Court name
High Court
Case number
29 of 2012
Title

Hessel-Enke v Sindlgruber and Others (29 of 2012) [2012] NAHC 119 (18 May 2012);

Media neutral citation
[2012] NAHC 119
Coram
Hoff J


















NOT REPORTABLE



CASE NO: A 29/2012







IN THE HIGH COURT OF NAMIBIA







MAIN DIVISION







HELD AT WINDHOEK











In the matter between:











SUNCICA HESSEL-ENKE
…....................................................................................
APPLICANT







and







ANDREAS SINDLGRUBER
…......................................................................1ST
RESPONDENT



REGISTRAR OF DEEDS
…..........................................................................2ND
RESPONDENT



BANK WINDHOEK NAMIBIA LIMITED
…....................................................3RD
RESPONDENT



DR WEDER, KAUTA & HOVEKA INC.
….....................................................4TH
RESPONDENT



ANDRE SWANEPOEL
…..............................................................................5TH
RESPONDENT



MARIAN HERBST REAL ESTATE
…...........................................................6TH
RESPONDENT















CORAM: HOFF, J















Heard on: 07 May 2012











Delivered on: 18 May 2012











JUDGMENT



Urgent Application











HOFF, J: [1] This
is an urgent application in which the applicant seeks an interim
interdict preventing the second respondent from executing any
documents or signing any deed of transfer effecting the sale of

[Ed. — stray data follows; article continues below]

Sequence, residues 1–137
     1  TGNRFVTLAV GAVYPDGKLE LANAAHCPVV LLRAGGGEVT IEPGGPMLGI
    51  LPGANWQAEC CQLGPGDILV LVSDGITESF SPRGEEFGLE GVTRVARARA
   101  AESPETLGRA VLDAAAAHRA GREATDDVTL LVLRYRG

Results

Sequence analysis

immovable property Erf 3134 Windhoek (the property) to any third
party pending the finalisation of an application (the main
application) instituted by the applicant relating to the same
property under the same case number, and interdicting the sale of
afore-mentioned immovable property by the first respondent.







[2] The main application is an
application in which the applicant seeks an order that the second
respondent be directed to amend and/or vary and/or rectify and/or
correct the deed of transfer held under no. T 2384/2001 and the index
card at the offices of the second respondent in respect of the
property mentioned, to reflect the applicant and first respondent as
equal joint owners of the said property. The main application is
opposed by the first respondent.







[3] The second, third, fourth, fifth
and sixth respondents do not oppose this urgent application.







[4] The first respondent and applicant
were married to each other but divorced on 20 November 1998.







[5] After their divorce on 26 January
2001 the property was purchased by applicant and first respondent. A
bond in the amount of N$300 000.00 was registered over the property
in favour of Commercial Bank of Namibia (now Nedbank Namibia
Limited). Proceeds from a loan taken (and to which the bond was lent)
were paid to applicant by the first respondent as agreed and used by
applicant to invest in a property described as Flat 11, Barcelona
Flats Olympia, Windhoek. First respondent undertook to pay the full
monthly instalments on the bond. Subsequently the relationship